Looking back to its founding date in 1861, the museum unveiled an unprecedented collection of paintings from masters such as Caspar David Friedrich and Karl Friedrich Schinkel.
“Nowhere else can you find such a broad collection of art from this period,” said museum director Udo Kittelmann at the show’s opening on Tuesday evening. “This is an opportunity to re-examine this era anew.”
The exhibition stems from 262 works donated to King Wilhelm I of Prussia by Berlin banker Joachim Heinrich Wagener upon his death in 1861 – on the condition that they be housed in a national gallery.
Wagener began collecting contemporary art in 1815 specifically for this purpose. His first coup was Karl Friedrich Schinkel’s Gotische Kirche auf einem Felsen am Meer, or “Gothic Church on a Rock in the Sea,” from 1815 – one of the exhibition’s most prized pieces.
The paintings were initially displayed at an exhibition on Berlin’s grand Unter den Linden boulevard before they were finally housed 15 years later in the newly constructed Old National Gallery on Museum Island, designed by a student of Schinkel’s, Friedrich August Stüler.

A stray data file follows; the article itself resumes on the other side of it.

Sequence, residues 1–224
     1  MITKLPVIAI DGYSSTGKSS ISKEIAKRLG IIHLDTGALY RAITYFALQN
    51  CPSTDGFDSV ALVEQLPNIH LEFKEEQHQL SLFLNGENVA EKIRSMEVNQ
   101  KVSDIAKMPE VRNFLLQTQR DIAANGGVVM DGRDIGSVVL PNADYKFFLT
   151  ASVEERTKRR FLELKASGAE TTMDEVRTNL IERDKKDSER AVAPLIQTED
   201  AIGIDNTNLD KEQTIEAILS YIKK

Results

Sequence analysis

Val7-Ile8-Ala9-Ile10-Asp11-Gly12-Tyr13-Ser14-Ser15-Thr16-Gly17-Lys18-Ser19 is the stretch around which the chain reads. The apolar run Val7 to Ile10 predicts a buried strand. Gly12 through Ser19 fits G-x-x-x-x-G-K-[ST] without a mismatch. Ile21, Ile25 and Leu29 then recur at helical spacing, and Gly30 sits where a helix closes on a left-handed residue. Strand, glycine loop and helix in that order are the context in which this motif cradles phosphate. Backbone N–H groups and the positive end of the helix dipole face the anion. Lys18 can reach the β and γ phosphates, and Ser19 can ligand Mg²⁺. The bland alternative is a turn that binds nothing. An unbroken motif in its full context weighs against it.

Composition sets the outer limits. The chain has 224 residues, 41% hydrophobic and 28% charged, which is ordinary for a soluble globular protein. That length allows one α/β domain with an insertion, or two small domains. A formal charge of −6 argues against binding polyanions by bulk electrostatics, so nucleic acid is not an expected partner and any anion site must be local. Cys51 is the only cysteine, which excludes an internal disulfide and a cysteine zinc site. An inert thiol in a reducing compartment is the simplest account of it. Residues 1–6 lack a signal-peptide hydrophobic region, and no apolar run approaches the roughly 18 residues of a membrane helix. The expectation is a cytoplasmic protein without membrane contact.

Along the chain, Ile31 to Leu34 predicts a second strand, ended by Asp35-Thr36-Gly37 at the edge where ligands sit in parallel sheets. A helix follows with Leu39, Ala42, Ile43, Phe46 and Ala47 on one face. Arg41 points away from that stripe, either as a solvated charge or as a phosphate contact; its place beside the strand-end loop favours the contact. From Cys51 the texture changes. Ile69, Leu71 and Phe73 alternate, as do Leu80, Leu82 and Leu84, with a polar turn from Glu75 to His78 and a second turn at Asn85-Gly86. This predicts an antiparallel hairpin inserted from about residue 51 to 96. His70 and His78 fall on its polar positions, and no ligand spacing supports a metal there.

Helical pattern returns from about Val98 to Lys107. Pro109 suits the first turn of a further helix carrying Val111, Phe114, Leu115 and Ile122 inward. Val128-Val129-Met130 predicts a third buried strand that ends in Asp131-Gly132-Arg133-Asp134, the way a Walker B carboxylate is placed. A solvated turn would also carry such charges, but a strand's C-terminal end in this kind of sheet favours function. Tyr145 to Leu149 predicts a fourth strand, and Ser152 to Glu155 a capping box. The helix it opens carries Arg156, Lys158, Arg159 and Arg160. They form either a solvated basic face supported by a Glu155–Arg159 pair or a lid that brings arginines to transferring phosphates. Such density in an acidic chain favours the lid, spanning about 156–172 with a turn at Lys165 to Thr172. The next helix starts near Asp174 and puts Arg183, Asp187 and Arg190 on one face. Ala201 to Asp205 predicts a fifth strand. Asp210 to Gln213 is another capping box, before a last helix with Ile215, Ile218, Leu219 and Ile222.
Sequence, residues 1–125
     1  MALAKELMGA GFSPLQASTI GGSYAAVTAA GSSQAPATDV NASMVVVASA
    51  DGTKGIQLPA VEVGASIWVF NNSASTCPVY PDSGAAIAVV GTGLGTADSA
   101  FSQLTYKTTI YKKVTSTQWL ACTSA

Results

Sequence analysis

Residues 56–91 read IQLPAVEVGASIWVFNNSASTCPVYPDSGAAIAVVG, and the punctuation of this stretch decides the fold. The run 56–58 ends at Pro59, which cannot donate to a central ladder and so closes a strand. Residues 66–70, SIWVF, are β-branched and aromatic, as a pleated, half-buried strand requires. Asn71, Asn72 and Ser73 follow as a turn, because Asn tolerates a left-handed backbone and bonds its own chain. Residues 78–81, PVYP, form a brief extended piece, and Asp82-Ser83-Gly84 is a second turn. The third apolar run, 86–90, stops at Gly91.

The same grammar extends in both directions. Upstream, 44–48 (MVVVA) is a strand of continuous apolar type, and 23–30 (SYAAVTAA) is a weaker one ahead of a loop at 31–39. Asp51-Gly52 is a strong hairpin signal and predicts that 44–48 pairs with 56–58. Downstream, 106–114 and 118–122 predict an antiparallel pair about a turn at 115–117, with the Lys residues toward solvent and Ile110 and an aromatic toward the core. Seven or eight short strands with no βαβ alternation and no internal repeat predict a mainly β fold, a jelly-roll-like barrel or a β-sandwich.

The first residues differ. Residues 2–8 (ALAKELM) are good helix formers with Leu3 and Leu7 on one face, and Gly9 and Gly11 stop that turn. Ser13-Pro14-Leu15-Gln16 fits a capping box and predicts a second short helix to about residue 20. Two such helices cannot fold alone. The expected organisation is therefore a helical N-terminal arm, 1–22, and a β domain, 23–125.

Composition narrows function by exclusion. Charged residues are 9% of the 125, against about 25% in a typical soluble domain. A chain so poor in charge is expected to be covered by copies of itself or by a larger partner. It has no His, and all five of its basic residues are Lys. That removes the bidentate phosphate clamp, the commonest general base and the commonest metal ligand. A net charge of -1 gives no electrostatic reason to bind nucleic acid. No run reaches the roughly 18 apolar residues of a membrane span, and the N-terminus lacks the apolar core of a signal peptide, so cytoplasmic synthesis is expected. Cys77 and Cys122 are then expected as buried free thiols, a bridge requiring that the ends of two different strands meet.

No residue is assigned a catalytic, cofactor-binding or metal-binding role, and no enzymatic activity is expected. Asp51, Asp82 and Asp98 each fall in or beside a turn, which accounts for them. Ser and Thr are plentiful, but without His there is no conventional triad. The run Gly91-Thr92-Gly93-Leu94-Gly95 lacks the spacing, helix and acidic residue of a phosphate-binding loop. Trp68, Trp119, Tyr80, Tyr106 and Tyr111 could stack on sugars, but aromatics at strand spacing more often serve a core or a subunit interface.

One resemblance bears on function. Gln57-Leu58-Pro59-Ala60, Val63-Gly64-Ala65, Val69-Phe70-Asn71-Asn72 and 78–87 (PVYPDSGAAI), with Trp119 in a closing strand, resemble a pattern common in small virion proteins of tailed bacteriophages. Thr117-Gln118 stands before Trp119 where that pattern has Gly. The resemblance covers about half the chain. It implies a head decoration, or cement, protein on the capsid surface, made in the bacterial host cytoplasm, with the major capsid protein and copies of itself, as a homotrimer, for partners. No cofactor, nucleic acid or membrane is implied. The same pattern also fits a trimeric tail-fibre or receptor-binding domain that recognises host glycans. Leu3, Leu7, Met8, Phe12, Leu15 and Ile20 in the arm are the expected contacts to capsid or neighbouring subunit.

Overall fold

Some 140 pieces from the original collection will be on display, many of which have lain in the archives for the last century.
“We treasure that this collection arose out of a sense of civic and liberal pride, and one can see that,” said curator Angelika Wesenberg.
The museum also plans to hold an additional colloquium to investigate the three enormous volumes of artists’ letters collected over decades and left behind by patron Wagener.
“It’s a hidden treasure,” said Wesenburg. “It can’t be that we have it and no one really knows what’s in it.”